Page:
Cybersecurity vs Information Security

It is easy to become lost in a sea of terms when it comes to protecting your company’s data. A particularly relevant case in point is cybersecurity vs information security. Although they sound similar, there are definitely factors that set these two apart from each other as well as commonalities they share.

Information Security Explained

For our purposes, information is synonymous with data, and it is the confidentiality, integrity and availability of the data you store with which information security (infoSec) concerns itself. The overarching duty of an infoSec specialist is to ensure that data of all kinds, whether it is written on paper, kept locally on a company’s computer hard drives or stored online in the cloud by the organization or a third party, is protected from unauthorized access, disclosure, use, disruption, recording, modification or destruction. When considering information security vs cybersecurity, you can think of the former as an umbrella term that refers to systems, technology, protocols and procedures that are designed and implemented to secure assets and protect an organization’s network from breaches.

Cybersecurity Explained

There is a definite difference between cybersecurity and information security. If infoSec is an overarching term for safeguarding all data, cybersecurity involves the specific steps an organization takes in protecting electronic or digital information from threats. The realm of cybersecurity includes networks, servers, computers, mobile devices and programs. In order to mount a robust cybersecurity defense, it is important to learn the facts about the nature and location of all critical data so that the professionals on your security team can put the tech in place that will minimize your threat risk and quickly address breaches and attacks should the worst case scenario occur.

Diving even deeper into terminology, we should also examine the concepts of cybersecurity vs it security. To clarify, you can think of network IT security as a subset of cybersecurity. It pertains to defending your organization’s information technology infrastructure from the myriad of threats that threat actors employ. These include but are not limited to the following:

  • Viruses and worms
  • Hacker attacks
  • Denial of service attacks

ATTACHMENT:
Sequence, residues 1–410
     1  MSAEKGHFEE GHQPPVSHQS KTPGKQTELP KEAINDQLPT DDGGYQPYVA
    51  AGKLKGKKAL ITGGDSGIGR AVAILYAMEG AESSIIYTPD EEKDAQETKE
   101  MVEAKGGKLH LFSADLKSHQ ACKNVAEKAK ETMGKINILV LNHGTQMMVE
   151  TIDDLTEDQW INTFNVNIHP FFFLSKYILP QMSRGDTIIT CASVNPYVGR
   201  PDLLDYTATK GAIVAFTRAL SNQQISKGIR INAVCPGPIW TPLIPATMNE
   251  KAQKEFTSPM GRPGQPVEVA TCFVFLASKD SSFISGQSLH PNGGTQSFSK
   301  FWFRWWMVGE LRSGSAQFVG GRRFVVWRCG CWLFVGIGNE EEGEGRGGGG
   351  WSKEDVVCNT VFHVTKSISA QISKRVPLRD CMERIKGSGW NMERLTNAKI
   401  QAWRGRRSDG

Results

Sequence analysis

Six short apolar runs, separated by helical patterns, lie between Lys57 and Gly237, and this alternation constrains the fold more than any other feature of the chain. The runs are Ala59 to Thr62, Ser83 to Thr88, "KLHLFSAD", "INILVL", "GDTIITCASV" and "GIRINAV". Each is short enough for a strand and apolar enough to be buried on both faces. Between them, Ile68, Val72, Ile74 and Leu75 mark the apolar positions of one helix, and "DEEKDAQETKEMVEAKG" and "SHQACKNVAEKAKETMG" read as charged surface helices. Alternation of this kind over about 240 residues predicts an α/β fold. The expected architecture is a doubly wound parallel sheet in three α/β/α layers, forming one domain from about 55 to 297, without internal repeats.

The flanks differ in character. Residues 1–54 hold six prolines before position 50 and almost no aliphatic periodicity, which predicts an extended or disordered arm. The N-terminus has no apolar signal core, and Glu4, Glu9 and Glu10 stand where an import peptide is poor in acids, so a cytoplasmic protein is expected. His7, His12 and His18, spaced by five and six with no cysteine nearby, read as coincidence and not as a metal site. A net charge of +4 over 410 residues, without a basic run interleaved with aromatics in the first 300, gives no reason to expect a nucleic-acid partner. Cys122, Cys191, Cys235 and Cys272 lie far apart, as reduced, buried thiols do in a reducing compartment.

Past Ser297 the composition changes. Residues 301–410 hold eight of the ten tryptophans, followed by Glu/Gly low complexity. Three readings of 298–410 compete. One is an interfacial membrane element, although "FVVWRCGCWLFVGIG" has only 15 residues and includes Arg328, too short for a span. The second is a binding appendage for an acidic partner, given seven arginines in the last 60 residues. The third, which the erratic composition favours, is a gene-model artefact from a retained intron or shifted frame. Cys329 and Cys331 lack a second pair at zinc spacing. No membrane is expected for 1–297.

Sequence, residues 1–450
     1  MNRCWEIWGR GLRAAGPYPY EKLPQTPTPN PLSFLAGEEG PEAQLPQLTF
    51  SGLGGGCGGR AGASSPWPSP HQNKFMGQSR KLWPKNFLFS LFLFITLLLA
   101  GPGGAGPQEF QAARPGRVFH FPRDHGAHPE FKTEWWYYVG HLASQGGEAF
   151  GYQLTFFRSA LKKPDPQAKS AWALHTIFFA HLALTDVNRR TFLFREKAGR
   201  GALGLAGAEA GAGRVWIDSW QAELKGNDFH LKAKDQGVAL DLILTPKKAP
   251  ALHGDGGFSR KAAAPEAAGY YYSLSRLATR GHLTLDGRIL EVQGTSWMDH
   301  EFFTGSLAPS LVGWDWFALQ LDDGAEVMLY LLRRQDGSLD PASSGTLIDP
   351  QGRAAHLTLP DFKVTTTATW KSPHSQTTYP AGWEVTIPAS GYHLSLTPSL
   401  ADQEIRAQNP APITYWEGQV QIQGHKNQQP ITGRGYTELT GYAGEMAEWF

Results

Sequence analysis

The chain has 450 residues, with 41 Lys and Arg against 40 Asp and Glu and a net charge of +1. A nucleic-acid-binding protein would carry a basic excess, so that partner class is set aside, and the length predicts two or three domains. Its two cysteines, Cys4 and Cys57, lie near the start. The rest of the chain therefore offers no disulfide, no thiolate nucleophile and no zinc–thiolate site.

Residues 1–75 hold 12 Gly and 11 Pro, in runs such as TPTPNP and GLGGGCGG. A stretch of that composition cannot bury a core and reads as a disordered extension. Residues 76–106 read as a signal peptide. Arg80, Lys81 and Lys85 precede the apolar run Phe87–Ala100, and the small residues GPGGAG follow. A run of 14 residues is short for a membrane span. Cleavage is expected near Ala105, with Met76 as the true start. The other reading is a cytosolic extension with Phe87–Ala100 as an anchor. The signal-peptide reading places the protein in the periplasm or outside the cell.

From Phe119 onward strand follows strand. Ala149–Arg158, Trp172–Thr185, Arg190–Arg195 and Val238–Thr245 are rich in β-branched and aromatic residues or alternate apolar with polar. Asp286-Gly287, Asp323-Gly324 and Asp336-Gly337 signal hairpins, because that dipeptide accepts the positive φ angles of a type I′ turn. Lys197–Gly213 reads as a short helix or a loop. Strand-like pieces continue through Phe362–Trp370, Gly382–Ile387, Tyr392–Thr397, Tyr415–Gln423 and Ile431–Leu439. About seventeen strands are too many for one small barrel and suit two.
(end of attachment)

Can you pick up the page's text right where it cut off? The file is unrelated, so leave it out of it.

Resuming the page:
• Spyware and adware.

Protection mechanisms include firewalls, anti-virus software packages, virtual private networks (VPN) and intrusion detection and prevention systems. The combination of hardware and software that your security team implements can enable you to develop a system of understanding and protecting against threats to your cyber infrastructure.

Where Information Security and Cybersecurity Meet

One relates to physical access while the other concerns damage, loss or compromise of data due to human error, system glitch or malicious attack. In both cases, however, the integrity of the information is the top priority and at the center of all proactive and reactive work done by third-party professional consultants as well as incident response team members and other stakeholders within the organization itself. As the importance of both facets of data protection becomes apparent to management teams and investors alike, organizations are increasingly seeking cybersecurity experts who also have an understanding of the science of physical data protection.

Develop a Security Framework

Any top-of-the-line information security platform requires a governance framework to ensure that the system you are developing is in accordance with the company’s mission, objectives and goals. Furthermore, this structure sets forth the roles and responsibilities of all stakeholders to ensure that compliance benchmarks are met. Most companies use what is known as the confidentiality, integrity and availability (CIA) triad to guide the protocols they enact. This includes:

  • Confidentiality. Information is inaccessible to unauthorized parties, generally through encryption.
  • Integrity. Information is accurate and trustworthy and is protected from unauthorized modification.
  • Availability. Information is accessible to authorized personnel when they need it and all hardware and software are properly maintained and upgraded.

Since goals and expectations are clarified and assigned, the CIA triad also helps to hold all team members accountable for the vital parts each plays in maintaining the data protection infrastructure.

Information security, including the subset of cybersecurity, is all about preserving the confidentiality, integrity and availability of data. A comprehensive security system must make information protection its primary objective. By doing so, the brand, its financial stability and the data it holds can be made as safe as possible.